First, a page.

ICBC seeks 4.9 per cent basic rate hike as crashes, costs climb

$60 a year increase for most drivers once optional auto insurance increase is included

Rising numbers of crashes and higher claims costs are hurting ICBC's bottom line.

ICBC wants to increase basic auto insurance rates by 4.9 per cent – the fifth straight annual increase – as it continues to grapple with rising numbers of crashes, claims and dramatically increasing costs.

The typical driver will pay $3.50 a month or $42 a year more for basic insurance if the hike is approved.

But the corporation is also raising optional rates by 2.8 per cent so the average customer who buys both basic and optional insurance with ICBC will see their insurance bill rise $5 a month, or $60 a year.

ICBC CEO Mark Blucher said the basic rate hike would have been much worse – 15.5 per cent translating into a $130 annual premium increase – had the province not approved another major transfer of $472 million from the optional to the basic side of operations.

A compounding factor has been the long decline of interest rates, which result in less investment income revenue to ICBC.

“These external pressures have really created a perfect storm and it’s a really significant challenge for the organization,” Blucher said in an interview Thursday.

ICBC had raised rates 5.5 per cent a year ago, and the province’s rate smoothing policy requires the annual change be within 1.5 per cent of the previous year’s increase.

The number of crashes has climbed 15 per cent in two years and damage claims are up 11 per cent.

Vehicles are increasingly reliant on technology and expensive materials that have become more costly in recent years as the loonie sagged against the U.S. dollar.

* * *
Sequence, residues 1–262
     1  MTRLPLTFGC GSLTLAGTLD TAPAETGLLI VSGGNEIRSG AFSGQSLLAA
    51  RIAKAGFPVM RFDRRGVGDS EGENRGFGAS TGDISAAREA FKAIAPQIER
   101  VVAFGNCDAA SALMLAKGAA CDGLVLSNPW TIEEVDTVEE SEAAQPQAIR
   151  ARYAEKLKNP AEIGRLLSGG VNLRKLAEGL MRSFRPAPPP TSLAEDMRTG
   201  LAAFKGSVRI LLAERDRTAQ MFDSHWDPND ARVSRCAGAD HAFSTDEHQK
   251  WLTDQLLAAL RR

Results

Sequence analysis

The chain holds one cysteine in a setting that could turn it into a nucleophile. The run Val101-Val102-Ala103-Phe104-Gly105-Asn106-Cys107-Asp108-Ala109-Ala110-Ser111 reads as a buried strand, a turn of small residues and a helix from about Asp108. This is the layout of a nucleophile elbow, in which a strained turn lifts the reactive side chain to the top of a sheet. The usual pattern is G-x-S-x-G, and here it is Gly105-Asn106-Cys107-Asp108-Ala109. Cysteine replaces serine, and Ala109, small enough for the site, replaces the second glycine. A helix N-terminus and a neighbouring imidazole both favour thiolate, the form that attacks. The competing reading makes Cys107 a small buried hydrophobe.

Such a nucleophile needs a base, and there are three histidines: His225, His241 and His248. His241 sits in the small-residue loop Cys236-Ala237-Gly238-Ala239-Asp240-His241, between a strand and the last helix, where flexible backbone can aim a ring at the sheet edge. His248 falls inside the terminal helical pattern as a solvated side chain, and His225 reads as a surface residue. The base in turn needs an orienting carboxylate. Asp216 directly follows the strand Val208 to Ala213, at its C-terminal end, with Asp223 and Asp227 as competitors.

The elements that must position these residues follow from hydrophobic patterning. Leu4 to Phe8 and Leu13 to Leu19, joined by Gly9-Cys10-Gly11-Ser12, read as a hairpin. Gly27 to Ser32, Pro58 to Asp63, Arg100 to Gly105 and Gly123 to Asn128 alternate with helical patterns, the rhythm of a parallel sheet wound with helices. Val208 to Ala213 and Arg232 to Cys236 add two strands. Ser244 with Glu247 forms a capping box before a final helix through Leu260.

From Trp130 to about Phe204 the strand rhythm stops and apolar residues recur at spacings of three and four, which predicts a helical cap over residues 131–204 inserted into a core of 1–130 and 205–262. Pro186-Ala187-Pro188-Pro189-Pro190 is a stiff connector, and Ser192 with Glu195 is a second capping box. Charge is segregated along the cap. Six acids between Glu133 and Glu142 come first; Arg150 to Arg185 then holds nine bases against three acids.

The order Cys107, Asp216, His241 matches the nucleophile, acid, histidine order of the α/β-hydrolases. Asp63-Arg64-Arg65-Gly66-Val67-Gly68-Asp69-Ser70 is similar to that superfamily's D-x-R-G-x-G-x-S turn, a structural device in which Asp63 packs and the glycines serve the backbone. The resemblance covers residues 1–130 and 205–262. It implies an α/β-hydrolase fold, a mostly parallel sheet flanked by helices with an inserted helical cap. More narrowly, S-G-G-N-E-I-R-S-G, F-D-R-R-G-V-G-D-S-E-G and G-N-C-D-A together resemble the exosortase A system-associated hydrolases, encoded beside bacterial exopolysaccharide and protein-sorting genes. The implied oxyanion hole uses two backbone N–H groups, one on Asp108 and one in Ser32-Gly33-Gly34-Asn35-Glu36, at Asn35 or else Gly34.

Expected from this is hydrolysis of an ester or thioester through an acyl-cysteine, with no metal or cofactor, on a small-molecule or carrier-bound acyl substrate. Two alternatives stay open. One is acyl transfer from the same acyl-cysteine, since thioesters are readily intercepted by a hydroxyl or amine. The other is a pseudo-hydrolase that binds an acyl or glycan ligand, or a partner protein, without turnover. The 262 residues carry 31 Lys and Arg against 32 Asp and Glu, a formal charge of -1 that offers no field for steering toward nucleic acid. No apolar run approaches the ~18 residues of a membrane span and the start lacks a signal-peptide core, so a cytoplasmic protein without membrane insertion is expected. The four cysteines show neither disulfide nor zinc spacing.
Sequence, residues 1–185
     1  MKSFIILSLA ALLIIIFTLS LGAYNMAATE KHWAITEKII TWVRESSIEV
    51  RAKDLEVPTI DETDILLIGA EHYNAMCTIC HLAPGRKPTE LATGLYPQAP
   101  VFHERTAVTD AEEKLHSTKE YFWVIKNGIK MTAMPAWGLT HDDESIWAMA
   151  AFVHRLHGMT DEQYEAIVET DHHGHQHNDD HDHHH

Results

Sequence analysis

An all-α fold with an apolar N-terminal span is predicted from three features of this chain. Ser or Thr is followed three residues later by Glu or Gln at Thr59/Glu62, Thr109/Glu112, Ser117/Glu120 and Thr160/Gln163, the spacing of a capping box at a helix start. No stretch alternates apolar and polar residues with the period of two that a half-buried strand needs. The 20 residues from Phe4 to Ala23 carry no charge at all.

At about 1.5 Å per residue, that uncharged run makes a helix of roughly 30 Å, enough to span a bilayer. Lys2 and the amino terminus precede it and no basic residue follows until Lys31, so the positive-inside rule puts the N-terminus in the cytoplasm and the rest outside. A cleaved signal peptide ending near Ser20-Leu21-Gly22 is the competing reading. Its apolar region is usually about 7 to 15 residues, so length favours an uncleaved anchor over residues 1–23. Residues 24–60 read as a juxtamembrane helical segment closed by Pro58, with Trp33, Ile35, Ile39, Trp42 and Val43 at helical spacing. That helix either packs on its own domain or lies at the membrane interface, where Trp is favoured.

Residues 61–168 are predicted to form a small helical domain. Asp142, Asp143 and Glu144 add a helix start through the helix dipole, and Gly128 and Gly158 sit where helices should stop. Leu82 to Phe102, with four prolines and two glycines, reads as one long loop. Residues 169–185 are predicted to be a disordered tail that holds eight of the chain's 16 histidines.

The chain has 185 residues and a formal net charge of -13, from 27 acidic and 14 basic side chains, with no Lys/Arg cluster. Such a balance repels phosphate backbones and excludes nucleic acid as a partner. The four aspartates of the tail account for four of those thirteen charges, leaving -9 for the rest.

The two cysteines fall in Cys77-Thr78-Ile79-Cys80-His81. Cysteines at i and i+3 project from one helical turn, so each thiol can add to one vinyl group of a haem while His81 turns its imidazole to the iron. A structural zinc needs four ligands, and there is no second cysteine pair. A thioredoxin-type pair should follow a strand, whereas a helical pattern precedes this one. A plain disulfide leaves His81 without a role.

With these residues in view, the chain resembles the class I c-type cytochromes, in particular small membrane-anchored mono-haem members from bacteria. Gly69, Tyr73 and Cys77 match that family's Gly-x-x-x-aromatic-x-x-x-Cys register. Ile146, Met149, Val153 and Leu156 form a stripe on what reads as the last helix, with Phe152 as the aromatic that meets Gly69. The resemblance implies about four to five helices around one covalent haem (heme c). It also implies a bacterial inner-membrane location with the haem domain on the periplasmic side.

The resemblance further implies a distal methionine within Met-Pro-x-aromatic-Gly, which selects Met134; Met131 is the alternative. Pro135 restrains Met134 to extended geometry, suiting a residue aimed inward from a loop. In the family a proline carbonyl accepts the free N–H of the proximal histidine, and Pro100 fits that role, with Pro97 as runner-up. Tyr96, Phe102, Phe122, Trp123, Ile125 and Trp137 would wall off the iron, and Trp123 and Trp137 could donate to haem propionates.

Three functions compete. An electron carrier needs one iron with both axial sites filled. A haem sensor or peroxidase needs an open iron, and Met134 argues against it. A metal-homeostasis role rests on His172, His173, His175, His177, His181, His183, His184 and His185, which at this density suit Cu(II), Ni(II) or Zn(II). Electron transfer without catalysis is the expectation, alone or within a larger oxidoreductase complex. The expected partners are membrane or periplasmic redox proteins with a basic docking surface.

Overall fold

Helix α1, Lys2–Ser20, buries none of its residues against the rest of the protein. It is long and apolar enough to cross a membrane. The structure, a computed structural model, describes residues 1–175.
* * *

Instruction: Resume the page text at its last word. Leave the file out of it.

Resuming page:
Despite much safer vehicles, injury claims have soared to $2.4 billion, up 60 per cent from $1.5 billion in 2008.

“We’ve seen no evidence that these strong trends are abating,” Blucher said. “In fact, if anything, they’re continuing to escalate going forward.”

Blucher also noted there are more cars on the road in B.C. today – 3.1 million up from 2.8 million in 2011 – and people are driving more because of cheaper gas, contributing to more accidents, particularly in densifying urban areas.

And he pointed to personal injury lawyers as an aggravating cause of ICBC’s spiralling claims costs.

“B.C. is the only province in Canada where you can sue another motorist for even a minor traffic accident,” Blucher said, noting an increase in lawyer-represented claims and advertising by injury law firms.

Internal operating costs have been cut by $186 million a year, and ICBC is counting on more savings ahead, through its modernization program, by more aggressively combatting insurance fraud and from a hoped-for drop in distracted driving as motorists respond to stiffer penalties.

But transfers from the optional side to bolster the basic side will likely be needed for the foreseeable future, Blucher said, because basic premiums can’t keep up with rising costs.

In a surprise move, the B.C. government will this year forgo extracting its usual $160-million annual dividend from ICBC’s optional side into general revenue.

“Forgoing the dividend this particular year is one strategy amongst a litany of others we’re employing to get that basic trate increase down,” Transportation Minister Todd Stone said.